Sanders Urges Labor Secretary to Protect Jobless Benefits as GOP Governors Race to Cut Them Off
Sen. Bernie Sanders of Vermont on Thursday urged Labor Secretary Marty Walsh to use his legal authority to ensure that jobless workers across the U.S. continue to receive emergency unemployment aid as Republican governors race to cut off crucial federal benefits months early.
“Next month, over 1.1 million workers in Alabama, Arkansas, Georgia, Idaho, Iowa, Mississippi, Missouri, Montana, North Dakota, South Carolina, South Dakota, Tennessee, Utah, and Wyoming will be at risk of losing some or all of the unemployment benefits Congress extended in the American Rescue Plan,” Sanders (I-Vt.), the chair of the Senate Budget Committee, wrote in a letter (pdf) to Walsh.
“Workers who lack access to childcare, have lost employer-sponsored health insurance, and fear for their health and safety as we work to get every American vaccinated are entitled to these benefits.”
—Sen. Bernie Sanders
Last March—as part of the Coronavirus Aid, Relief, and Economic Security (CARES) Act—Congress approved Pandemic Unemployment Assistance (PUA), a program designed to provide jobless benefits to gig workers and others who are not eligible for regular unemployment compensation.
The CARES Act also originally provided a $600-per-week federal boost on top of state-level jobless benefits—an add-on that has since been scaled back to $300 and is set to expire along with PUA in September.
But in recent days, Republican governors have moved to prematurely end both PUA and the $300 weekly enhancement for their residents, falsely claiming that the benefits are dissuading people from returning to the workforce—not lack of child care, low wages, pandemic-related health concerns, or other factors.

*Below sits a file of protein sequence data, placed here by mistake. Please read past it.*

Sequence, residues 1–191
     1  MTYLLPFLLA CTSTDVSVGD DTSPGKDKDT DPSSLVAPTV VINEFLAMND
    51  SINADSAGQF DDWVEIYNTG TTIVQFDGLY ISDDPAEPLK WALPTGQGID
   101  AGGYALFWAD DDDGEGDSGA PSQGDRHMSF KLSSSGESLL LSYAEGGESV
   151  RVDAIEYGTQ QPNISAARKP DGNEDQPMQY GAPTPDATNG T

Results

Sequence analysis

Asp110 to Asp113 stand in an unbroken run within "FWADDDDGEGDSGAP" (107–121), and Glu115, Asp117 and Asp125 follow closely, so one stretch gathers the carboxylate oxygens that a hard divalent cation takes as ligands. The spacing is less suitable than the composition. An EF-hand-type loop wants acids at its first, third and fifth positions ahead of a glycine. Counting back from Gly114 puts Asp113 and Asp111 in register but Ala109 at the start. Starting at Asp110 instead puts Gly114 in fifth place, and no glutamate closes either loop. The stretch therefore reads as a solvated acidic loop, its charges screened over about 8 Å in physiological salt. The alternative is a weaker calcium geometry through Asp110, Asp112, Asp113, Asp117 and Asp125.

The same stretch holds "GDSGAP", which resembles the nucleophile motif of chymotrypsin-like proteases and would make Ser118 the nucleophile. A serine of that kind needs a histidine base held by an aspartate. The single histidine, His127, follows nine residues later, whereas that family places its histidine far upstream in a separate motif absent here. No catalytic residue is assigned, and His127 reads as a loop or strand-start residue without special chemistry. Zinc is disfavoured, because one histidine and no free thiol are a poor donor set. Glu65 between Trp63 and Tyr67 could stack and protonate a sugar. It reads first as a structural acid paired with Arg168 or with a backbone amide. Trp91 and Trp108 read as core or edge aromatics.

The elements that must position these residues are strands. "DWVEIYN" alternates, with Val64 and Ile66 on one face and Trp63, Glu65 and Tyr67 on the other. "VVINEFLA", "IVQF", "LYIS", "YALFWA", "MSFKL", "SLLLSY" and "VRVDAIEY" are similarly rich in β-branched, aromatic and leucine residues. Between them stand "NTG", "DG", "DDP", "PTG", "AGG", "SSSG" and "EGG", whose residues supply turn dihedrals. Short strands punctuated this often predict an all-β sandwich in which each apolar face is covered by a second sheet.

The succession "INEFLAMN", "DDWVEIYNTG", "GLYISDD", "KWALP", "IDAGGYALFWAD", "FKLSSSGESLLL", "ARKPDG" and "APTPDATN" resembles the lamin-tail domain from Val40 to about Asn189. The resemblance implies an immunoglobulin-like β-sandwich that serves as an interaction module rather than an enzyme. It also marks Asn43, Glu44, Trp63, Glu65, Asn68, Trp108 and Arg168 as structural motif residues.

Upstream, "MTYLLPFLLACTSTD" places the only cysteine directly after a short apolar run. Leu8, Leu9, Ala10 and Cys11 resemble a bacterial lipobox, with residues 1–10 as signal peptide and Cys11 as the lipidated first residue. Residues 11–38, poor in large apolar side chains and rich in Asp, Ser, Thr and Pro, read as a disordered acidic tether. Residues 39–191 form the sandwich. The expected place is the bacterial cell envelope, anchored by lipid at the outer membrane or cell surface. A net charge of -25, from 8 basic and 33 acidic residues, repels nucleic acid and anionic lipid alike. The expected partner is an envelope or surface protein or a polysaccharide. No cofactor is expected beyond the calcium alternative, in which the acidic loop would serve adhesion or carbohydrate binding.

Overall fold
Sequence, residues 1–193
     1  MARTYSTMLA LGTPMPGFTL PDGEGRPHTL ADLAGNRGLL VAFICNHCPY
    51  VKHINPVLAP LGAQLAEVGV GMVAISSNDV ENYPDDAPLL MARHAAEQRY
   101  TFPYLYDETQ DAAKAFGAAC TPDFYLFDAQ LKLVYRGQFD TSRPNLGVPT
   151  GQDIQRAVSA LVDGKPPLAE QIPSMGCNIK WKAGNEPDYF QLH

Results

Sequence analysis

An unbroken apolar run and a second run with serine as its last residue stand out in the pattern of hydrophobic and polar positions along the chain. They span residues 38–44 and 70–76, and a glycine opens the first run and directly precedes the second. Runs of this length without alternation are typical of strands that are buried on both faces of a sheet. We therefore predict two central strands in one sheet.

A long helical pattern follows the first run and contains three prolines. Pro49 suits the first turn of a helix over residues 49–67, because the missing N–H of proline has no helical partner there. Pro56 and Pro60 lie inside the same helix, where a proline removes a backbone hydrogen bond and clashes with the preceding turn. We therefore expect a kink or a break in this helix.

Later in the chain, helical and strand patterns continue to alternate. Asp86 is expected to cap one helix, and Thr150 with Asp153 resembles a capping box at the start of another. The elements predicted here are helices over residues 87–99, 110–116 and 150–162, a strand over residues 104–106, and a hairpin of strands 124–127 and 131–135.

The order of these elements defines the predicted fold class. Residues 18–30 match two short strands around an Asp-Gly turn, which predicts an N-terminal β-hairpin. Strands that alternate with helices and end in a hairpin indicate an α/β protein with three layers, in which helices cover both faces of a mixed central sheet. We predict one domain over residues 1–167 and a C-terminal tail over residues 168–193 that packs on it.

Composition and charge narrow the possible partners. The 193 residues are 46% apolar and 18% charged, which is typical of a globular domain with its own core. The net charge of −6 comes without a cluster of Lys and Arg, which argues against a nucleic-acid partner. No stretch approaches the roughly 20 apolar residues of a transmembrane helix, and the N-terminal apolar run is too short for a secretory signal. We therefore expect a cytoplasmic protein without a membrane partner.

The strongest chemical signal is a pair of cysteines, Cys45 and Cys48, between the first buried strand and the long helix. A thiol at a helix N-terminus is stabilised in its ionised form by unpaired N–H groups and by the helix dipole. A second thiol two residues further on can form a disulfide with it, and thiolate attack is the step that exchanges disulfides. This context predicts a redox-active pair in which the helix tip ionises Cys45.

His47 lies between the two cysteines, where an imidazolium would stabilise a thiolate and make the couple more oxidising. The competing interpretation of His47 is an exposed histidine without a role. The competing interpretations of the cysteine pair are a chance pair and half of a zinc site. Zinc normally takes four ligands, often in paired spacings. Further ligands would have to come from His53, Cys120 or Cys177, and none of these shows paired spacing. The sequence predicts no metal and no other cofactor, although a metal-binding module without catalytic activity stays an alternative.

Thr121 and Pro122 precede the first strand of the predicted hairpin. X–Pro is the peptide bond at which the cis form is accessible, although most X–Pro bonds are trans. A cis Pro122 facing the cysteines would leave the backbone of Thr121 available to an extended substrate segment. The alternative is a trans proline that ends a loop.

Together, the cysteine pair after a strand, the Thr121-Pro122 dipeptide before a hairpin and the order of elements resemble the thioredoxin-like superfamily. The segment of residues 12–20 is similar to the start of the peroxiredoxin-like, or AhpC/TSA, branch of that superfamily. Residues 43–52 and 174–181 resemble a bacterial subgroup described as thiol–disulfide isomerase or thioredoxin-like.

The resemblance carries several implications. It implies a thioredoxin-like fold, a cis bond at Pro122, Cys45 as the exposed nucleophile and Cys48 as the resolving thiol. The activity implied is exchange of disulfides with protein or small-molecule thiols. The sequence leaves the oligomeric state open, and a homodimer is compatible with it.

In his letter, Sanders argued that the U.S. Department of Labor (DOL) is obligated under the CARES Act to provide PUA aid and the $300-per-week supplement, given that “Congress did not grant states the ability to strip PUA benefits away from vulnerable workers.”
“Further, the CARES Act requires that PUA benefits include the $300 top-off—even if states opt-out of this supplement for other benefit programs,” wrote Sanders, who warned Walsh that many workers “will be forced into poverty—either with unfair wages or no income at all—if you fail to provide these benefits.”
“Workers who lack access to childcare, have lost employer-sponsored health insurance, and fear for their health and safety as we work to get every American vaccinated are entitled to these benefits,” the Vermont senator added.
Sanders is hardly alone in calling on Walsh to do everything in his power to ensure that jobless workers continue receiving benefits regardless of Republican governors’ actions.
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In statement earlier this week, Sen. Ron Wyden (D-Ore.) accused state GOP leaders of engaging in “economic sabotage by pulling the rug out from jobless workers” and implored the Labor Department to “explore all options to keep these workers from losing their income.”
“Mothers without child care are not going to be back on the job in just a few weeks’ time, and they shouldn’t face financial ruin for living in states run by Republicans,” added Wyden, who chairs the Senate Finance Committee.
Georgia Gov. Brian Kemp on Thursday became the latest Republican leader to announce that his state will no longer participate in PUA, the $300 weekly federal supplement, and other emergency unemployment programs. Eligible Georgians will continue receiving regular state unemployment benefits, which range from $55 to $365 per week.
Andrew Stettner of The Century Foundation estimates that if every Republican governor pulls out of the federally-funded emergency unemployment programs, 4.8 million workers would lose benefits early.
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